Of course, it is difficult to suddenly change the way that one works although I intend to try and do this with future patterns but this design demonstrates very well, I think, where I am in the design process at the moment. It is a small motif at a relatively small-scale although the result is to produce something that is quite open and does not have the contrasting colour but I had hoped would be a feature of my new Belle Epoque 2.

However, the pattern is created and I want you to be able to see it and so I have created this swatch and I will use this for soft furnishing and perhaps try and think about what I have said above to help steer me in my future surface pattern designs.

If you wish, you can also see larger versions of this and, of course, my other designs and patterns for interiors on my Flickr page, a link to which is here.

Aff539 Pattern

This design was made from the very outset to be a fashion fabric rather than a design for soft furnishings although, I do agree, that it would also make excellent material for curtains.

The motif is inspired by the patterns used in the United Kingdom in the 1970s and the colouring is also very similar to the colours used at that time although this does not give the pattern a dated or period look.

This pattern is, of course, a design that adheres to my Belle Epoque 2 ideas since it has a relatively small-scale as well as a fast repeat. I need to experiment to see whether, as a fashion fabric, it would look better at a smaller scale although, at the scale shown, it does lend itself well to soft furnishing.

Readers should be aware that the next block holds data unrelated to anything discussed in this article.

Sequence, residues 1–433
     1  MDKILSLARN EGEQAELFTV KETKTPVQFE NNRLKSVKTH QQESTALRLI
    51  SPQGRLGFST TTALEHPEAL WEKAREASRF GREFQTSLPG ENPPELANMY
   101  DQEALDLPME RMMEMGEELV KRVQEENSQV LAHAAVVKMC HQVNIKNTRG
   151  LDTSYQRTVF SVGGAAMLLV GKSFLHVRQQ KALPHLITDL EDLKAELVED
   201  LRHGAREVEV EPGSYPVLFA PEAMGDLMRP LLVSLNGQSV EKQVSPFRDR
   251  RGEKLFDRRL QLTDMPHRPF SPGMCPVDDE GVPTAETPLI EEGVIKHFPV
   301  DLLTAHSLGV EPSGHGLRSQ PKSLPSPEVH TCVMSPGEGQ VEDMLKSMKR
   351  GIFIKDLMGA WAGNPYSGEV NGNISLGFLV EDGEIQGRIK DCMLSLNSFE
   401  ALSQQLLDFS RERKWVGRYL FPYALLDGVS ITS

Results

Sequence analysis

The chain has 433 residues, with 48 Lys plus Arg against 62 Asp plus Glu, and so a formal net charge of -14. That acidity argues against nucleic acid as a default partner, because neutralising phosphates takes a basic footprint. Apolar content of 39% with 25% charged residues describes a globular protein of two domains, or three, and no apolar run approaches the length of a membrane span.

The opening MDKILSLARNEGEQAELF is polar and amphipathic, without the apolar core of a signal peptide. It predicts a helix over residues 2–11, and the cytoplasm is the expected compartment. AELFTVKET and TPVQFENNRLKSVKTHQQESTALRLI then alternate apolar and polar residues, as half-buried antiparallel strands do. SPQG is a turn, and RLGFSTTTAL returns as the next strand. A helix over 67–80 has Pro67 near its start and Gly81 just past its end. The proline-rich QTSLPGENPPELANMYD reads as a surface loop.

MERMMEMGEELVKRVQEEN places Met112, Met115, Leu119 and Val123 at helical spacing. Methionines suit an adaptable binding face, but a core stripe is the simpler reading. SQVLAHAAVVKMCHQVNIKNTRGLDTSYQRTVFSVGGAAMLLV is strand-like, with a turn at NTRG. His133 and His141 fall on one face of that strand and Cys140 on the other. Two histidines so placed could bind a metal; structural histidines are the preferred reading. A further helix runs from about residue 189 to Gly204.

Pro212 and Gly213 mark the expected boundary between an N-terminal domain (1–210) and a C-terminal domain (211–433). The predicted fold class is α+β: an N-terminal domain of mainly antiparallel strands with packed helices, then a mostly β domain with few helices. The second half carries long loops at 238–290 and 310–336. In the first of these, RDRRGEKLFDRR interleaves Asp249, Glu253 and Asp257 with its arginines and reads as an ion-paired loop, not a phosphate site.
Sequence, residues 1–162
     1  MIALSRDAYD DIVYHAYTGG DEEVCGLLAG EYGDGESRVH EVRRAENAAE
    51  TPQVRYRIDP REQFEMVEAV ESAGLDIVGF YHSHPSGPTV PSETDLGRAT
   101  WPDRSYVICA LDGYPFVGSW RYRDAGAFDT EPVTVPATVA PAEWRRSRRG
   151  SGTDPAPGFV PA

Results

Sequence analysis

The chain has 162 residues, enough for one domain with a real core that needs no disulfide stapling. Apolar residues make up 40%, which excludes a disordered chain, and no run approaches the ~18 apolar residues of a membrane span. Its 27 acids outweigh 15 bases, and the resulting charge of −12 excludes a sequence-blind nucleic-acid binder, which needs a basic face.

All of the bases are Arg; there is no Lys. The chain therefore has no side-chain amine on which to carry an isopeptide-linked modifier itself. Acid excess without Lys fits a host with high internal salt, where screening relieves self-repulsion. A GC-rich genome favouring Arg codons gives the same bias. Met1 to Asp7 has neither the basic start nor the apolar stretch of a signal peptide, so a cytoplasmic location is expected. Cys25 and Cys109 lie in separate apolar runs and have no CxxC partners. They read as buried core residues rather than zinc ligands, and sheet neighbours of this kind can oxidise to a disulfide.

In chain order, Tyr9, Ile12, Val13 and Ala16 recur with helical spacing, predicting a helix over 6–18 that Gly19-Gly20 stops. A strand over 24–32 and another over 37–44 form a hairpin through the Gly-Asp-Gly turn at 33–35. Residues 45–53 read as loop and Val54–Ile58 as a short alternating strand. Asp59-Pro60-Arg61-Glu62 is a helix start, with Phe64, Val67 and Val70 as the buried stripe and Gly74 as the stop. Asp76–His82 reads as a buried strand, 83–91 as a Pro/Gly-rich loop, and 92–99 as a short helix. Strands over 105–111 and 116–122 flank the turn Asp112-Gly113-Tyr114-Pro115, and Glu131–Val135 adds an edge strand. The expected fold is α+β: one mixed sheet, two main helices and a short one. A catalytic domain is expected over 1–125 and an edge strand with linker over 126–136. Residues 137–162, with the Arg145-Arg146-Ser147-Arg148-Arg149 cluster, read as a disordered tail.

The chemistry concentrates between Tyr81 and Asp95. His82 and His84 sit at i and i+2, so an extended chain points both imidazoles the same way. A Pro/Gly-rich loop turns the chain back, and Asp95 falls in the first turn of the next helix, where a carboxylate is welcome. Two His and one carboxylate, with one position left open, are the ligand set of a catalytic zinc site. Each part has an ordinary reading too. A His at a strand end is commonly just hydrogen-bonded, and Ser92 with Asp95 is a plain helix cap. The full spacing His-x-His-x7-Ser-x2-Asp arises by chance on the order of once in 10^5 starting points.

If you wish, you can also see larger versions of this and, of course, my other designs and patterns for interiors on my Flickr page, a link to which is here.

Aff537 Pattern

I decided to create another design to be used for wrapping paper and to help me I looked at some of the more interesting 1950s British patterns that had been created. This period used talent that had emerged fresh and eager to design in a hopeful world recovering from the horror of the recent war and is a fertile period for inspiration.

The design uses simple and very obvious motives to create a flamboyant and quite decorative pattern effect. The inspiration is very mid-century and the colours used are from my extended mid-century palette of colours that would have been used at the time.

I have already tried this as a texture for wrapping paper and I am pleased with the result although I want to try and make my final 3D image look a little nicer before I bring it to you. I have had some further thoughts about other uses for the design and, of course, it is quite possible that this could be used to make gift bags, the sort that I have already presented in this blog. In addition, this is, I feel, a pattern that could have a quite wide variety of other interesting decorative uses.

If you wish, you can also see larger versions of this and, of course, my other designs and patterns for interiors on my Flickr page, a link to which is here.

Aff536 Pattern

I have been hampered for some time by the lack of a suitable 3D set that I can use to display designs created for fashion. I am pleased to say that I have now been able to produce a set which I am happy with and one that allows me to easily adjust the scale of the textures which is something that was previously causing problems.

The first pattern I intend to use is shown above. This design, as you would expect, has its roots in mid-century and the colouring is also based on simple mid-century colours which would have been in use at the time. The design was intended from the outset to be for fashion and the weekend has given me the chance to make some alterations to the mannequin set that I used previously which now allows me to display fashion patterns correctly and also lets me easily change the scale of texture.

I am putting the final touches to the 3D image and I will be excited to bring this to you shortly.

If you wish, you can also see larger versions of this and, of course, my other designs and patterns for interiors on my Flickr page, a link to which is here.